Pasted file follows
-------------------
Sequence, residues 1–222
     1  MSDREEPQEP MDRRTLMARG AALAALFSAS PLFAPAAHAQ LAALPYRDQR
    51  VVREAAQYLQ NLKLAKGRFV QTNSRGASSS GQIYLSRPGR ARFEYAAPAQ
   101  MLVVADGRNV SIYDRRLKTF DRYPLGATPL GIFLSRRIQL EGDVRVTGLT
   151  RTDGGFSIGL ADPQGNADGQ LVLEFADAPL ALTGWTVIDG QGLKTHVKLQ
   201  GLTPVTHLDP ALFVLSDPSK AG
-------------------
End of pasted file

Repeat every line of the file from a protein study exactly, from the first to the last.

Sequence, residues 1–222
     1  MSDREEPQEP MDRRTLMARG AALAALFSAS PLFAPAAHAQ LAALPYRDQR
    51  VVREAAQYLQ NLKLAKGRFV QTNSRGASSS GQIYLSRPGR ARFEYAAPAQ
   101  MLVVADGRNV SIYDRRLKTF DRYPLGATPL GIFLSRRIQL EGDVRVTGLT
   151  RTDGGFSIGL ADPQGNADGQ LVLEFADAPL ALTGWTVIDG QGLKTHVKLQ
   201  GLTPVTHLDP ALFVLSDPSK AG